Alice Martins/Der Spiegel

Graffiti in Ras al-Ayn.

Alice Martins/Der Spiegel

Smoke traces of artillery in the sky over Ras al-Ayn as the Turkish military operation begins.

Alice Martins/Der Spiegel

Qamishli, Oct. 9, 9 p.m.

That evening, when he heard a blast across the street, Fadi Sabri rushed to close his small shop. Then a second mortar landed in his front yard in Qamishli. The father of three and his wife, Joliet Nicola, were injured by shrapnel and rushed to a hospital as their children, unharmed, watched in shock. As he lay in a hospital bed, Sabri wept, saying, “I just want my wife to be okay.” Joliet was unconscious and in critical condition. The doctors who performed surgery to remove shrapnel from her back say she may never walk again.

Alice Martins/Der Spiegel

Fadi Sabri was injured by shrapnel when artillery landed outside his house in Qamishli.

Alice Martins/Der Spiegel

Fadi's wife, Joliet Nicola, lies on the operating table in critical condition as surgeons remove shrapnel from her abdomen.

Alice Martins/Der Spiegel

Qamishli, Oct. 10, 9:30 a.m.

The following morning, after an uneasy night — marked by sounds of incoming artillery, outgoing mortars and ambulances rushing by — I went to inspect the sites that had been hit. Most of the locations where civilians were injured seemed to be within a few dozen meters from possible military sites. But political offices seemed to be targeted also.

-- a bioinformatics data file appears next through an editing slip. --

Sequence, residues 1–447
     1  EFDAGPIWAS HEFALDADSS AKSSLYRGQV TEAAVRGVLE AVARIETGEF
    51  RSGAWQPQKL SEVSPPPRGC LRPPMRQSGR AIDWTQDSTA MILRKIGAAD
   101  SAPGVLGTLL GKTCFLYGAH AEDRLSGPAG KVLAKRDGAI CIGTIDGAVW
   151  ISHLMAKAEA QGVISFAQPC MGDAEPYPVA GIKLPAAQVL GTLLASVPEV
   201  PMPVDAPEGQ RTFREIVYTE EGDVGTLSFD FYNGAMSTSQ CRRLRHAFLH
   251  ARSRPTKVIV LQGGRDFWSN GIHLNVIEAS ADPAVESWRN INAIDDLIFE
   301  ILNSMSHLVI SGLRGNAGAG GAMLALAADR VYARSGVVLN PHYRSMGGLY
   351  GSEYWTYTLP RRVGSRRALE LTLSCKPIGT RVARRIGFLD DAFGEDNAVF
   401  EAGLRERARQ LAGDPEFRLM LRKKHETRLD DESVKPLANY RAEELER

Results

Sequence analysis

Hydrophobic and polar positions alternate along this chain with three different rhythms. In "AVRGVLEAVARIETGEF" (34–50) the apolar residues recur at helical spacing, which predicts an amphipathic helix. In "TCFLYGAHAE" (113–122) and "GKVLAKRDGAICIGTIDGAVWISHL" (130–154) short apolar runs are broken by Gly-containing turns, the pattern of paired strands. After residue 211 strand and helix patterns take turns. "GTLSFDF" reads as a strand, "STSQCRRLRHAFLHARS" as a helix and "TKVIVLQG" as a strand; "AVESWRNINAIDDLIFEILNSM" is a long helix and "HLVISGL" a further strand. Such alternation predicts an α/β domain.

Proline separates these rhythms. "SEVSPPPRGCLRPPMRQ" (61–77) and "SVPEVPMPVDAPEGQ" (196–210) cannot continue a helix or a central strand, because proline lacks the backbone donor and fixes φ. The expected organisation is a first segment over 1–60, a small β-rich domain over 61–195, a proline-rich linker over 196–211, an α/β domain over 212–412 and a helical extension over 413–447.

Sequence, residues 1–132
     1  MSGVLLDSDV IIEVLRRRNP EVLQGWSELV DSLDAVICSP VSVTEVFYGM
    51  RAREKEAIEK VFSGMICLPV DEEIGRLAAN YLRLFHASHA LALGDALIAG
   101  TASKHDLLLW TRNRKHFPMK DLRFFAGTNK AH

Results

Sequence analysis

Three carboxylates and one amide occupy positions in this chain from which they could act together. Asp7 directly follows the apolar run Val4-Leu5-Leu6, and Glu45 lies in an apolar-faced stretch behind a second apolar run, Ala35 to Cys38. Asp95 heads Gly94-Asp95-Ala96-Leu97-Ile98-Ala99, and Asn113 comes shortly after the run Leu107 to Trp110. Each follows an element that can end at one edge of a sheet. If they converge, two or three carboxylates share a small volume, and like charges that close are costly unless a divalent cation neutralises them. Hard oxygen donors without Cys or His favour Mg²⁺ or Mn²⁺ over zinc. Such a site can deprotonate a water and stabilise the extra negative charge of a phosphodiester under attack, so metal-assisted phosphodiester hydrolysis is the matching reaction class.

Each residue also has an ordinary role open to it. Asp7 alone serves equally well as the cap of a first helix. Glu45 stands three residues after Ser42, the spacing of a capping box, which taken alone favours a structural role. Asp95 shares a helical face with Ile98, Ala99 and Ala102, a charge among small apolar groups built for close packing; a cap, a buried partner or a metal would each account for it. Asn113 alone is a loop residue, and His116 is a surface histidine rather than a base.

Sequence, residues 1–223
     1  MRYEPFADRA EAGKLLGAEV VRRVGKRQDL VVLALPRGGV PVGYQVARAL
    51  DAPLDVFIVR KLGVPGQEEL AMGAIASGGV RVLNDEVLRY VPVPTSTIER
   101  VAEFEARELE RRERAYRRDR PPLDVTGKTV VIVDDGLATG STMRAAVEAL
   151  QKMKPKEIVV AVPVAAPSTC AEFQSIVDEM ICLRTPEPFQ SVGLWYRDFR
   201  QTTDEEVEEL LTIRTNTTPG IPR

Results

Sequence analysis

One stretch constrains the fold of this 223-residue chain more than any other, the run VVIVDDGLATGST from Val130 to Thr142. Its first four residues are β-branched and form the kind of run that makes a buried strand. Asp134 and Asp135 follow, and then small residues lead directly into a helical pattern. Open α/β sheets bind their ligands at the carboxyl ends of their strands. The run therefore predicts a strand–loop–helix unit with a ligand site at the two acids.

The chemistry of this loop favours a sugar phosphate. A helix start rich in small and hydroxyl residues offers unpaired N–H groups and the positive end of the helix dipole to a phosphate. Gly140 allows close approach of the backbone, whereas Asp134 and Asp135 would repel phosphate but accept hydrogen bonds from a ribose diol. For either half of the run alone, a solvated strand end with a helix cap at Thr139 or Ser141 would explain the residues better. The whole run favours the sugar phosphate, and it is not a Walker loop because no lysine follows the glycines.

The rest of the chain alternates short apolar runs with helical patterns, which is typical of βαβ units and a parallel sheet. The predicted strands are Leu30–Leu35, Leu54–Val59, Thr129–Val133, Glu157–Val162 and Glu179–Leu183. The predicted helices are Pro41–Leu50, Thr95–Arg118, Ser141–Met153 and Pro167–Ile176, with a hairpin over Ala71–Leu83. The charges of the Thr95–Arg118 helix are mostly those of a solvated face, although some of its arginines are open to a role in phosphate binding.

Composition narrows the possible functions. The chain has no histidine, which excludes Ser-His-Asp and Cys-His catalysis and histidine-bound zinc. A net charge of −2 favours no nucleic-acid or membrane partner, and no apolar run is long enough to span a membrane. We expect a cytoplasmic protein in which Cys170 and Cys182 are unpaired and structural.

Alice Martins/Der Spiegel

Neighbors walk by Sabri's house to inspect the damage.

Alice Martins/Der Spiegel

Sabri's backyard, destroyed in Turkey's military operation.

Alice Martins/Der Spiegel

Qamishli, Oct. 11, noon

On the second day of Operation Peace Spring, the shelling claimed at least two more civilian victims in Qamishli. Seven-year-old Sarah was severely injured when a shell hit the road outside her home. She lost her right leg, and her older brother Mohammed was instantly killed.

Alice Martins/Der Spiegel

Sarah and Mohammed's mother, left, grieves at a hospital in Qamishli.

Alice Martins/Der Spiegel

Sarah, 7, lies in bed recovering after being severely injured when a mortar landed outside her house in Qamishli.

Alice Martins/Der Spiegel

Hasakah, Oct. 11, 1:50 p.m.

By the third day of the operation, schools in Hasakah were turned into shelters for displaced civilians, mostly from Ras al-Ayn, and were quickly filled by families who told stories of risky escapes and nights spent out in the open as they fled the fighting that had engulfed their hometowns. Many feared they would never be able to return home. “We saw what happened in Afrin,” said Shiar Becker Awni, a young Kurdish father of three who had crammed onto a motorcycle with his wife and children to escape the violence.

Alice Martins/Der Spiegel

Civilians displaced by fighting take shelter in a school in Hasakah.

Alice Martins/Der Spiegel

A woman tries to sooth a crying newborn child at an improvised shelter in Hasakah.

Alice Martins/Der Spiegel

Shiar Becker Awni with his family at an improvised shelter for displaced civilians in Hasakah.